In this third post in the series on the close association between psychological stress and psychogenic pain, we take a look at neurochemical substances that are involved in the process of psychogenic pain generation and reaction to psychological stress.
The Neurochemistry of Pain: Substance P
Substance P, discovered in the 1950s, is the quintessential pain neurochemical, which is activated in response to physiological pain as well as to psychological stress (DeVane, 2001). It is a prototypic neuropeptide of the tachykinin family that has been linked to the production of over 50 neuroactive chemical substances (Brain & Cox, 2006). Its best documented role is as the modulator of signals to nociceptive neurons that communicate the intensity of noxious or adverse stimuli, not only those caused by pain but also those produced by psychological stress (DeVane, 2001; Shaikh, Steinberg, & Siegel, 1993). Substance P receptors are found throughout the CNS but especially in the substantia gelatinosa of the dorsal horn, which is the first point of arrival of afferent pain signals to primary nociceptive fibers.
It is not coincidental that Substance P is also present in the limbic system of the CNS, in the hypothalamus and in the amygdala, all structures that are closely associated with the perception and processing of emotions (Bannon et al., 1983; Culman & Unger, 1995; DeVane, 2001; Stahl, 1999).
Some purely psychological and psychogenic reactions of the organism also see the involvement of substance P, such as the vomiting reflex, anger and defensive behaviors (Krase, Koch, & Schnitzler, 1994), changes in cardiovascular tone (Black & Garbutt, 2002), stimulation of salivary secretions, and other physiological responses that are associated with the general adaptation of the body (Selye & Fortier, 1950) to stressful stimulation.
Kohlmann and colleagues (1997) reported the discovery of substance P in blood pressure regulation in individuals with essential hypertension, a condition that has been related to maladaptive responses to stress (Palomo et al., 2003) and has been shown to respond to psychotherapeutic interventions (Amigo, Buceta, Becona, & Bueno, 1991). Other evidence of the concurrent role of substance P in signaling pain and in the stress reaction comes from animal studies that show an array of defensive behavioral and cardiovascular changes in animals subjected to stressful stimulation (Krase et al., 1994), as well as the detection of substance P in the amygdala of laboratory animals upon neonatal separation (Kramer et al., 1998).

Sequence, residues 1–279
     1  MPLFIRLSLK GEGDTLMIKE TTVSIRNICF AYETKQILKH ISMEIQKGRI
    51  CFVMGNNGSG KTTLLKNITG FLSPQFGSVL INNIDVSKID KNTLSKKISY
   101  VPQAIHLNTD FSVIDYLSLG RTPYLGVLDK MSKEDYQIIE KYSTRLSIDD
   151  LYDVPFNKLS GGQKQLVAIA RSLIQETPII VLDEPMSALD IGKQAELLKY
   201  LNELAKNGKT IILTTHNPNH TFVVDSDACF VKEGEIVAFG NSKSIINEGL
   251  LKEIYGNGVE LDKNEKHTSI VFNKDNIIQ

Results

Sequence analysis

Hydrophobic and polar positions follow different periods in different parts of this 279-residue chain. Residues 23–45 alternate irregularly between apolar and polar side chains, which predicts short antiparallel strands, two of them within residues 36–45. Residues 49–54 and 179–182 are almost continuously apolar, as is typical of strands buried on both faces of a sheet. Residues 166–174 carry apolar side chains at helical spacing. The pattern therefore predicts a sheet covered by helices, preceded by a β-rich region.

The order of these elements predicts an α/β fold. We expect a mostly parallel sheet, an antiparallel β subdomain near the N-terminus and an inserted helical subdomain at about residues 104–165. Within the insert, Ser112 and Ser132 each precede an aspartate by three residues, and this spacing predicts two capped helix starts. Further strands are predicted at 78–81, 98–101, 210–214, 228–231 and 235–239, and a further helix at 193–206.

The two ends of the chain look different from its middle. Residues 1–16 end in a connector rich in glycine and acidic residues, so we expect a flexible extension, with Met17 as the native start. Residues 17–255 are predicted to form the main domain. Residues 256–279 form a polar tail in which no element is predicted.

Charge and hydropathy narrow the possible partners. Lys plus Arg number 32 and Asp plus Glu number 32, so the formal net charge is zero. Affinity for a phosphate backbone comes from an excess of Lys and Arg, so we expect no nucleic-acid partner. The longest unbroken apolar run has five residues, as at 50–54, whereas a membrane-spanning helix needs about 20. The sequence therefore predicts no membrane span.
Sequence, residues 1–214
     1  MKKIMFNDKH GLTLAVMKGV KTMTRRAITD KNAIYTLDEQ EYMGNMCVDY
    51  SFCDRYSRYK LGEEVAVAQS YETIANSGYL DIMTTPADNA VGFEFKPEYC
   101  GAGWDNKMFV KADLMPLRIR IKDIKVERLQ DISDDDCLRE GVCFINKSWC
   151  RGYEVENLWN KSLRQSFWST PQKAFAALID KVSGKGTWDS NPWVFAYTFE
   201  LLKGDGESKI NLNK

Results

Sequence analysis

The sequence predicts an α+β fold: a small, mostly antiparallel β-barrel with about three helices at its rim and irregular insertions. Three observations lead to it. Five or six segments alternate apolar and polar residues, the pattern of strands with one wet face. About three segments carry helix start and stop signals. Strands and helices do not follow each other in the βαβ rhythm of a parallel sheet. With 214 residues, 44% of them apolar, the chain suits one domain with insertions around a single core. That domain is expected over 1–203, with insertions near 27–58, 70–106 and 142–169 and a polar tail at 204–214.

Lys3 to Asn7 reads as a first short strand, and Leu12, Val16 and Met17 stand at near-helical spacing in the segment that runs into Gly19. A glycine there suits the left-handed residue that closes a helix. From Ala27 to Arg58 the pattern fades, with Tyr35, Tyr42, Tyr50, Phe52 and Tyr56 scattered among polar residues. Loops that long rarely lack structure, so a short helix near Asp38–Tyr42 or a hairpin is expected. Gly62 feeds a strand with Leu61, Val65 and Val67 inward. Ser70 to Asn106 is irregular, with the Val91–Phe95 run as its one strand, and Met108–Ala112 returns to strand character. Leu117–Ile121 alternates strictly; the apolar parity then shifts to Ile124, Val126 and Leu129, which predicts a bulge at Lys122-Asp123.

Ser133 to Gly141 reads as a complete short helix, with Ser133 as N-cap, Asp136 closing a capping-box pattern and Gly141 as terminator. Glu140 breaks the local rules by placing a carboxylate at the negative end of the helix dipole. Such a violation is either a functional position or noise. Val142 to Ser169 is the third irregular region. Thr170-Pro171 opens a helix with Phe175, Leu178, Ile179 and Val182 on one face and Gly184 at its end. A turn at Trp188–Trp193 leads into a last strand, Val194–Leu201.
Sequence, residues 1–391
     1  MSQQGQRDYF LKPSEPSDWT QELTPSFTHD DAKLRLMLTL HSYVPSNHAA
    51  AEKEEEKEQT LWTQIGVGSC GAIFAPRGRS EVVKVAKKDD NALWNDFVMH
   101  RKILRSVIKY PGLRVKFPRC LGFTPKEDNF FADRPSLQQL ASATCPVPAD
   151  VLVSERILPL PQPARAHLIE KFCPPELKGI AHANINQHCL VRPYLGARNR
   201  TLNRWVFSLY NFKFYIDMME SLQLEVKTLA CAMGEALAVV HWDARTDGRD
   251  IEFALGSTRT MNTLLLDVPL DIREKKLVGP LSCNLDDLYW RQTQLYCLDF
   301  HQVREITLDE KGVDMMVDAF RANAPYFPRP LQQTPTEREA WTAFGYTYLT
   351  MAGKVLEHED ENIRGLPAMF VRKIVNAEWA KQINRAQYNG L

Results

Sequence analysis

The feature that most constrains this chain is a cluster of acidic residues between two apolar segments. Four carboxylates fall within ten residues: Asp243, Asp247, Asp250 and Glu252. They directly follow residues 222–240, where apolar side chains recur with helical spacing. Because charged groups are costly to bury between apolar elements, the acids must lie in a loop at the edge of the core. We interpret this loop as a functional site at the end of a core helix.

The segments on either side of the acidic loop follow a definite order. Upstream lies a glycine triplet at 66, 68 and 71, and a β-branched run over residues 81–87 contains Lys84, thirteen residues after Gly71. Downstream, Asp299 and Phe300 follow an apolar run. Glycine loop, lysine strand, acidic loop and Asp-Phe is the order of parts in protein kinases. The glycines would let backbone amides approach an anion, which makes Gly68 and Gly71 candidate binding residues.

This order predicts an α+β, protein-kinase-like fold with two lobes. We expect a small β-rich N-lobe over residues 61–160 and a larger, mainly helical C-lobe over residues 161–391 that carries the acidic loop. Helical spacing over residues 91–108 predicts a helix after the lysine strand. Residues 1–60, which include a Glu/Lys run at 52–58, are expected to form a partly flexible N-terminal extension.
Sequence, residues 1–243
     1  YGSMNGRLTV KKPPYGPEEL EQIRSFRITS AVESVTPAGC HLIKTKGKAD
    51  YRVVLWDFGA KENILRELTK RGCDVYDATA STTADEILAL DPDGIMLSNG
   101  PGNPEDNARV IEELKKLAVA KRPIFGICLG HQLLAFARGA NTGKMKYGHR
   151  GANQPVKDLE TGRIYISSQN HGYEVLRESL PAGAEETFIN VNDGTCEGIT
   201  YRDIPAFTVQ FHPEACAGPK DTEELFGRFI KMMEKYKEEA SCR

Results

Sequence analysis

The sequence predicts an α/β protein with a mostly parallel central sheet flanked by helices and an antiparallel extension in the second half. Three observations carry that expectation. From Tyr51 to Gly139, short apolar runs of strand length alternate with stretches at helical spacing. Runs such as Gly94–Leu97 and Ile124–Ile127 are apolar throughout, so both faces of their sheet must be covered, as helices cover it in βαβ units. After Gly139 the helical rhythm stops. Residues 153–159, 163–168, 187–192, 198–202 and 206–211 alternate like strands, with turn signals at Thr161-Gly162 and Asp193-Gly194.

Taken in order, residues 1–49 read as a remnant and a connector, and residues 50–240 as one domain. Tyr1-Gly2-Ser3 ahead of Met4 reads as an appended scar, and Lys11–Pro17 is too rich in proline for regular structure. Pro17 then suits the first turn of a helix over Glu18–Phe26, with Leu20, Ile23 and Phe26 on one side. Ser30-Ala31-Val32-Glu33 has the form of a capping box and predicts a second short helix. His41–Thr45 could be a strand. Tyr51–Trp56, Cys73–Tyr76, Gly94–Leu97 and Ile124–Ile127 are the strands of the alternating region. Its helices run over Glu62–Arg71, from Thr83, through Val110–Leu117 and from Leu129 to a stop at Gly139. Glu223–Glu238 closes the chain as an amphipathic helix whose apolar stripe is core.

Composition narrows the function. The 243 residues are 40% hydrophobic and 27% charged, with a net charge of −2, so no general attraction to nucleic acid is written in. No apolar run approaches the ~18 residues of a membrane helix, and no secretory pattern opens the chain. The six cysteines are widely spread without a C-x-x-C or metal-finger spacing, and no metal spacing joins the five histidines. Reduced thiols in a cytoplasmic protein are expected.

The Neurochemistry of Stress
The neuroendocrine response to a real or perceived stressor consists of the near simultaneous release by the sympathetic nervous system (SNS) of the catecholamines norepinephrine (NE) and epinephrine, the release by the hypothalamus of corticotrophin releasing hormone (CRH), the inhibition by the hypothalamus of gonadotropin releasing hormone (GnRH) and pituitary gonadotropins, the release by the pituitary gland of prolactin (PRL), and the release by the pancreas of glucagon (Sapolsky et al., 2000).
Upon release of NE into the synaptic cleft, approximately 10% of it enters the plasma, thus making plasma NE levels one of the most reliable measures of SNS activity and the magnitude of the body’s response to stressors. Peroutka (2004) has proposed that a migraine attack may be triggered by a significant decrease of NE due to the excessive or prolonged release of adenosine, dopamine and prostaglandin by the over-stimulated SNS. Since sympathetic activation is the primary component of the stress response, stress is thus unequivocally linked to the onset and maintenance of migraine headaches.
The Closest Association: Stress-Induced Analgesia
The body’s reactivity to real or perceived stressors provokes measurable changes in the autonomic nervous system (ANS) and in the structures controlled by the hypothalamic-pituitary-adrenal (HPA) axis. These changes include blood pressure elevation, pupil dilation, and secretion of cortisol. In the presence of a significant stressor, the stress response also includes a “stress induced analgesia,” or a decreased sensitivity to further pain (as writer-explorer David Livingstone so eloquently reported). This antinociceptive action of the ANS translates into an inverse relationship between blood pressure and pain sensitivity in animals and humans, and is designed to maintain the integrity of the body’s defense systems. Additionally, the release of CRF by the hypothalamus has known analgesic effects (Okifuji & Turk, 2002).
The ANS was recognized by Cannon (1914; Cannon, 1933) as the originator and enabler of the “fight or flight” response to stress. Stress-related releases of adrenaline stimulate the feedback provided by the afferent and efferent vagal fibers. Once again, these same fibers are involved in the activation of endogenous pain modulation centers (Bielefeldt, Christianson, & Davis, 2005). Pain and stress just seem to go together.
Previously in this series:
- Psychological Stressors and the Sudden Appearance of Psychogenic Pain
- Fibromyalgia, Severe Headaches and Other Stress-Related Misery
- Medical and Non-Medical Treatments for Stress and Psychogenic Pain